By: Mark Waid (story), Chris Samnee (art), Javier Rodriguez (colors)
The Story: Bullseye learns to hear no evil, speak no evil, and see no evil.
The Review: You know, until Daredevil joined the New Avengers just a few years ago, I hadn’t realized how much of an untethered lone wolf he was in the Marvel Universe. Pretty much every other superhero on the planet has been part of the X-Men or the Avengers one way or another, yet Daredevil remained a man unto himself. That doesn’t mean, of course, that he never made super-buddies before, and those friendships have only grown stronger with his Avenger status.
It makes perfect sense to me that if you have other friends with superpowers, you’d rely on them for help during a personal crisis, even if your pride as a vigilante has to take a backseat. While you certainly wouldn’t want Daredevil to use his pals as a crutch all the time, under these circumstances—by which I mean he’s one beat-up man trying to protect all his loved ones against a gang of formidable enemies—asking his most trusted “agents” to keep an eye on home while he takes cares of unfinished business is just smart.
Thus in the end, despite the best-laid plans and meticulous attention to detail, despite having no choice but to focus on his endgoal, Bullseye remains “a hitman, not a mastermind.” Even trapped in his own incapable body, our villain thinks only in terms of targets, centering upon one object. While people like Foggy, Milla, and Kirsten naturally fall within range of Bullseye’s sight, he fails to see beyond his usual scope and this, more than anything, leads to his downfall.
That doesn’t mean that Daredevil didn’t have something to do with his archnemesis’ downfall, however. His opponents continue to challenge him to the very end, and in his weary state, he has no physical advantages left. That leaves him with only two weapons: his ability to improvise and his always-get-back-up attitude. These are not cheap tricks Waid has written for our fearless hero; all the pieces have already been set in place for Daredevil to put to use, from his telescopic club to the drums of radioactive substance in Bullseye’s warehouse.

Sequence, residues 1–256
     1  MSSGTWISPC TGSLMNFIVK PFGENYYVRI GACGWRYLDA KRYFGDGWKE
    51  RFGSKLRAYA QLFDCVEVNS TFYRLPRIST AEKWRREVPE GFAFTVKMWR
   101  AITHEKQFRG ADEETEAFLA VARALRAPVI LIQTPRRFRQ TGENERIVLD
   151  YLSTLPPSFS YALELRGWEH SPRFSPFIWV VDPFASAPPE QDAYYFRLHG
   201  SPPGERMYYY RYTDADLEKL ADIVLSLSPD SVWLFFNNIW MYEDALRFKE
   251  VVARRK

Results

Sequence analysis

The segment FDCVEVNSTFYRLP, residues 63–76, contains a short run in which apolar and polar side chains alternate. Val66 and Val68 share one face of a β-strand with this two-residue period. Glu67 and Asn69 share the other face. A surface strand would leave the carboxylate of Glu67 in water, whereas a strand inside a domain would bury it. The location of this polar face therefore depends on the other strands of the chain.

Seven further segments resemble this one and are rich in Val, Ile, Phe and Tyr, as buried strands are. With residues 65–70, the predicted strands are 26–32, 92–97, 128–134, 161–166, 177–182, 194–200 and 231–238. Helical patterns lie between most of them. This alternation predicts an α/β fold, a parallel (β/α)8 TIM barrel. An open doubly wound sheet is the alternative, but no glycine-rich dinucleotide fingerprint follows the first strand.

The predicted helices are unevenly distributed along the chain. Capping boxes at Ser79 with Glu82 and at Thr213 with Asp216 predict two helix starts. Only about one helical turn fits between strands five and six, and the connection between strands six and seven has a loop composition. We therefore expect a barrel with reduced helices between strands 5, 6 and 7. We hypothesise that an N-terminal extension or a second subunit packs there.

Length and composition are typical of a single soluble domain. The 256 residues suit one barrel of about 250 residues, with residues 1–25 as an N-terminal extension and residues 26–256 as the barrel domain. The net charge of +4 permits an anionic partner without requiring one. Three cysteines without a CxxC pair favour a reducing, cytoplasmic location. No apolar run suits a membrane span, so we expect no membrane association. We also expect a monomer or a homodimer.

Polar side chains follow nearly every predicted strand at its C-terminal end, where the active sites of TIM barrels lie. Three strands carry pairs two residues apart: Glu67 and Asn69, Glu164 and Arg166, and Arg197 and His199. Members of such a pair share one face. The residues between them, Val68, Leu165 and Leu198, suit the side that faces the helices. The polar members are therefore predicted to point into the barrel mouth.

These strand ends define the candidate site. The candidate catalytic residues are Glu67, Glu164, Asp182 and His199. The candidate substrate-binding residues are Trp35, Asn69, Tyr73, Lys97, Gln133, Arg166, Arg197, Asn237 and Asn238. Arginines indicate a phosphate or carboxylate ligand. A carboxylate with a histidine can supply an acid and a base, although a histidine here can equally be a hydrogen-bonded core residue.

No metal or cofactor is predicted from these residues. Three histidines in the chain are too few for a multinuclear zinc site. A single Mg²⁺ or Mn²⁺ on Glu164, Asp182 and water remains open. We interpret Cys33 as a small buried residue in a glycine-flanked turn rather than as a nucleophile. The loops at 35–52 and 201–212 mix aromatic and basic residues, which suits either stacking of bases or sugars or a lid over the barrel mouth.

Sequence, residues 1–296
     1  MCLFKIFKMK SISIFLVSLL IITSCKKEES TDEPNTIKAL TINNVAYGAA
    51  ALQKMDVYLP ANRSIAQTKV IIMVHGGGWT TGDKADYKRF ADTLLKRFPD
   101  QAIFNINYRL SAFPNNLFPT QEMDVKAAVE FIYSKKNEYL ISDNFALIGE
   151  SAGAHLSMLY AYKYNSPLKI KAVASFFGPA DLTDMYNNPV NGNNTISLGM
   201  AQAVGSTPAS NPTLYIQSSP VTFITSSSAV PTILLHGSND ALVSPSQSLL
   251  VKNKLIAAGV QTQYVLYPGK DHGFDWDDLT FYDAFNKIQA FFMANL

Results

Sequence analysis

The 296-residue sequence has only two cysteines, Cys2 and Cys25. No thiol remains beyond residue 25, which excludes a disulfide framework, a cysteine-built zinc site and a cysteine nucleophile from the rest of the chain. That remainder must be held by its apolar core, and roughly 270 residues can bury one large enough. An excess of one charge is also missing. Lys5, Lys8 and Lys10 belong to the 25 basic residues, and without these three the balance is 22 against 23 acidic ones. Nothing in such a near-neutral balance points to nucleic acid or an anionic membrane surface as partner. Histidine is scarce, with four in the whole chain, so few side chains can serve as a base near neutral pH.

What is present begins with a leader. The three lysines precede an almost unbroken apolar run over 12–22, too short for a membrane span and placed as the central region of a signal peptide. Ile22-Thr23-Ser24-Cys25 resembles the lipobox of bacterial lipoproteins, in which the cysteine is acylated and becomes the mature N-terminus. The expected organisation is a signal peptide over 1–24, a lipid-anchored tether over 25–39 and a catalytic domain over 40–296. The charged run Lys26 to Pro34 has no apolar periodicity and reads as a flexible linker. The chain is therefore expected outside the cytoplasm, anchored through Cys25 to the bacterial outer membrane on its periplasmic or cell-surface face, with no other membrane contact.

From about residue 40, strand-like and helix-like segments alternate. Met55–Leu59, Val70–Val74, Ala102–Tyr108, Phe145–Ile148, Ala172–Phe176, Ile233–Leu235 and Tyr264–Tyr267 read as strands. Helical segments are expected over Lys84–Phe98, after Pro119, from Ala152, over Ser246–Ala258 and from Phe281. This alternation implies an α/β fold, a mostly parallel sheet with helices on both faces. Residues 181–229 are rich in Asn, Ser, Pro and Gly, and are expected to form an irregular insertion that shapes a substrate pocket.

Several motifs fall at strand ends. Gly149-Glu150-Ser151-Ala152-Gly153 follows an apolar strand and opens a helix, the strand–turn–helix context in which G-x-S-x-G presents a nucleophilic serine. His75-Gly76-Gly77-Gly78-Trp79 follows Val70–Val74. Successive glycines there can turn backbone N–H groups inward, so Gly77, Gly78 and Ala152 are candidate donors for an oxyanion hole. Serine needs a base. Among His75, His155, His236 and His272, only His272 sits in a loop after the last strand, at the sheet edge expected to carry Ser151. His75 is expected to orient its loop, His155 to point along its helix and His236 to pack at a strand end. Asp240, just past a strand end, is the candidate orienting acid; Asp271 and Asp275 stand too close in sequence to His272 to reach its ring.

It’s really no one’s fault that our villains don’t see their problems coming, other than their own, of course. Terrible as Bullseye’s ultimate fate in this issue is, you can’t say it’s undeserved. Now a broken man, deprived of his movement and most his senses, he believes that he’s already hit rock bottom and thus has nothing left to lose. What happens to him at the end of the issue proves him wrong in the cruelest way, stripping him of everything, leaving him a “living brain in a flesh-and-bone coffin.”
It’s not a perfect issue, however. Bullseye’s labored explanation of how he formed his master-plot against Daredevil is largely redundant, as we’ve known much of it for a while. It’s one of those climactic monologues villains are always so fond of having right before they slide down the path to defeat, and between that and his arrogant tunnel-vision, he winds up losing much of the credibility he’s built up during this arc.
Samnee faithfully drives up the suspense that Waid encourages, preventing you from seeing Daredevil’s own tricks before they’re sprung, giving them maximum impact. I do have to say, however, that Samnee gives himself a good start by fudging things a little bit. On the opening page, when one of Matt’s employees enters his office, you see a silhouette of someone (suggesting one of Bullseye’s henchmen) who later turns out to be Iron Fist. But this silhouette had a sai in his hands, which disappears once Iron Fist is revealed. I see this as a bit of a cheat, but a minor flaw against Samnee’s otherwise strong work.
Conclusion: A very strong conclusion to a gripping arc and an even more gripping storyline, though overall, it doesn’t quite capitalize on all the potential drama it could have.
– Minhquan Nguyen
Some Musings: – I love how those two therapists at Milla’s asylum are giving Matt crap for being trouble to his wife. As if they didn’t look at Black Widow wheeling Milla around and didn’t immediately sense trouble.